There are thousands of health-related thoughts in Maria’s mind that, sometimes, she feels uncomfortable telling anyone: she is afraid of not being understood, repeating the same questions, or is embarrassed to disclose (even to people who could help her). Maria’s weekly experience is scattered with worries and fears about her recurring problems, related to pain in her shoulder, lack of dexterity in her right hand, and disturbance in her gait. Maria complains about difficulties in using her right hand and often says “I feel maladroit and useless”, “I am disappointed about not being able to cook like before”. But surprisingly, Maria’s beliefs might however change over time. Step-by-step, through daily interactions, the virtual coach will help Maria to find the right answers and regain self-confidence.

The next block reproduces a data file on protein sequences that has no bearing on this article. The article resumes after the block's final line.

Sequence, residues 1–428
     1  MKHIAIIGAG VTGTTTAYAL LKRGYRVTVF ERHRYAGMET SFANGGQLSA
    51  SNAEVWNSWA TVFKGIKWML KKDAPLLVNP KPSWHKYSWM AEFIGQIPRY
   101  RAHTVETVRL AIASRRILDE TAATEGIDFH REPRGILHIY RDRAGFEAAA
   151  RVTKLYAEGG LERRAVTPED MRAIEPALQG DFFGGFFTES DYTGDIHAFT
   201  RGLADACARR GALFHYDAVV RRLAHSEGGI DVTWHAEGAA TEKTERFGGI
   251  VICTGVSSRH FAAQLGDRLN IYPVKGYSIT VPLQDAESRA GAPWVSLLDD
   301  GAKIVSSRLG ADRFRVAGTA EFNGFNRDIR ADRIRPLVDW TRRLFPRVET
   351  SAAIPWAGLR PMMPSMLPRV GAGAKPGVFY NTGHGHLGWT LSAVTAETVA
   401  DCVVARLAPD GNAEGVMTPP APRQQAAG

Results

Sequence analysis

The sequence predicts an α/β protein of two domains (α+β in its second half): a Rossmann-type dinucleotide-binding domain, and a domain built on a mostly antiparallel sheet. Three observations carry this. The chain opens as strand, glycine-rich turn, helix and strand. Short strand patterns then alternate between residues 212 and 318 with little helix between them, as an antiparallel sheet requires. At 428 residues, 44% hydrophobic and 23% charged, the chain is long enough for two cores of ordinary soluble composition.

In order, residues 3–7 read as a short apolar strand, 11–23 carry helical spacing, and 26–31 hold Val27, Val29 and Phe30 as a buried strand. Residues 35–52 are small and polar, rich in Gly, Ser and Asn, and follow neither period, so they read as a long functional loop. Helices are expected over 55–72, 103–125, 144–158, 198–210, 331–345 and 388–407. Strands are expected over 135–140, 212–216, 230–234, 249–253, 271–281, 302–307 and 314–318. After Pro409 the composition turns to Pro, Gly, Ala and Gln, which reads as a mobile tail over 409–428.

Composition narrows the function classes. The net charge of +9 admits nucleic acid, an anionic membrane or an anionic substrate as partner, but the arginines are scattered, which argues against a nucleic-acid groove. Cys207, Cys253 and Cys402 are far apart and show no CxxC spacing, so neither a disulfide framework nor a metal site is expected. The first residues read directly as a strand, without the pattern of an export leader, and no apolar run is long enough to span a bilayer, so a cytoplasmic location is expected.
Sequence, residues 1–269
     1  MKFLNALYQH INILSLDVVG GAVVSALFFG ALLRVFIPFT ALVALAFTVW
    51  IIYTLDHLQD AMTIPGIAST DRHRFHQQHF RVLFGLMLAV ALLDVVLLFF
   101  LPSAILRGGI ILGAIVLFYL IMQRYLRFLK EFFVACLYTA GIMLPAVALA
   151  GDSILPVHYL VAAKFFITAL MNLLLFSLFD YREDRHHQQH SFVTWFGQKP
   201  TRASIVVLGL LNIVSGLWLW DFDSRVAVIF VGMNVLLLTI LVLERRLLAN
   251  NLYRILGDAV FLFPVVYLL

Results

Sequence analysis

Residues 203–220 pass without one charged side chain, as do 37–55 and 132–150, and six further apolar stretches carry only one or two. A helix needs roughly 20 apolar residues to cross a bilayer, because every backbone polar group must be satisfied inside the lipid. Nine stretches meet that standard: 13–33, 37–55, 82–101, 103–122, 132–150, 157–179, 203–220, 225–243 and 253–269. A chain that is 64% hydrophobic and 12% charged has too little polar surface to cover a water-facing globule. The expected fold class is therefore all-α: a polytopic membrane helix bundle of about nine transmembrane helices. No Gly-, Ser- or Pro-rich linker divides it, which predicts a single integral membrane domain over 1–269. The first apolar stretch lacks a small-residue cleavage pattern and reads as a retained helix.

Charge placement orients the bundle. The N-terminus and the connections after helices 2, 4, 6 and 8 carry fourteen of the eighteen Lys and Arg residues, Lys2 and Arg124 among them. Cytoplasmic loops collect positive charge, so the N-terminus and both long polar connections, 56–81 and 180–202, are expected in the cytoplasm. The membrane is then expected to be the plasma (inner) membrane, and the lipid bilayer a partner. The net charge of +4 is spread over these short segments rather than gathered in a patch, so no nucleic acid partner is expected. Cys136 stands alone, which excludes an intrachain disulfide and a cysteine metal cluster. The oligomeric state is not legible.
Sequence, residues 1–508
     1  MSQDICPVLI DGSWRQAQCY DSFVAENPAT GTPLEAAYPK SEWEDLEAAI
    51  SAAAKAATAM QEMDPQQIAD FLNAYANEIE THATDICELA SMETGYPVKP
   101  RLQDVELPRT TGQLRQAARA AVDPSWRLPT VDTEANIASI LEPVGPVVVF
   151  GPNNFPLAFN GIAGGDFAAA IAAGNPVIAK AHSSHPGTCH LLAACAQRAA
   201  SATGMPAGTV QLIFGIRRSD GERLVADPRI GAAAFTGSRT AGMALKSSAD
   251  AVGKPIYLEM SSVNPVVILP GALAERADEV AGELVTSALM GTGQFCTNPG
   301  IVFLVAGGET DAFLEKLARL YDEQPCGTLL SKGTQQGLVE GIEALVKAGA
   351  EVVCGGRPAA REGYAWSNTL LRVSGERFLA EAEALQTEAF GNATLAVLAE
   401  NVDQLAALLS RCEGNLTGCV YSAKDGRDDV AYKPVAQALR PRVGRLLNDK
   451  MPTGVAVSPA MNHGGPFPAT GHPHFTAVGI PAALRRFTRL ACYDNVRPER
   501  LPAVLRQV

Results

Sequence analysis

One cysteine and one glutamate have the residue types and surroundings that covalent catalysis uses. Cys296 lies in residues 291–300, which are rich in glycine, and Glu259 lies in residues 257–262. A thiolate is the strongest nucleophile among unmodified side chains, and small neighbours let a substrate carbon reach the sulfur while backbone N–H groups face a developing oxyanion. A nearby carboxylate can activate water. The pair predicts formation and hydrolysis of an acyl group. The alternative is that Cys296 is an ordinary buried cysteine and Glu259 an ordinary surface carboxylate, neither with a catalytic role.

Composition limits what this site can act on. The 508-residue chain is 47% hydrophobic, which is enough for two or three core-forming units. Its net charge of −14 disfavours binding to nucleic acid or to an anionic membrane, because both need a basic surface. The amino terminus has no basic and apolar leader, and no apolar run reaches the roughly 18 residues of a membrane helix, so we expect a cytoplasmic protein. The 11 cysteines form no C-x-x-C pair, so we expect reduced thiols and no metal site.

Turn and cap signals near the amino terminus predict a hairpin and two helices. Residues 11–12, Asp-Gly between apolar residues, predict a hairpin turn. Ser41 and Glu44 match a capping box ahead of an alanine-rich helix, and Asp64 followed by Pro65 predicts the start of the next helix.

Thanks to her virtual coach, Maria has now the best chance to complete her rehabilitation in an optimal way.
vCare to help answering crucial needs in Romania
Cardiovascular mortality is a critical public health problem in Romania. It is three times higher than in any other state of the European Union. With a reduced average life expectancy of 8 years in men and 5 years in women compared with the European figures, the prevention of cardiovascular disease is currently one of the top priorities of the Romanian Ministry of Health. The main causes of hospitalisation among cardiovascular patients are heart failure and ischaemic heart disease with an annual incidence of 4.7% and 5-7% respectively of the country’s population.
Romania: Cardiovascular disease takes the largest toll on mortality but cancer deaths are increasing
Stroke and ischaemic heart disease remain the main causes of mortality in Romania. Cardiac rehabilitation is now recommended to every eligible patient diagnosed with heart failure and ischemic heart disease in the country. However, the absence of free-of-charge ambulatory rehabilitation puts Romania in the last place in Europe in the management of secondary prevention of these life-threatening pathologies.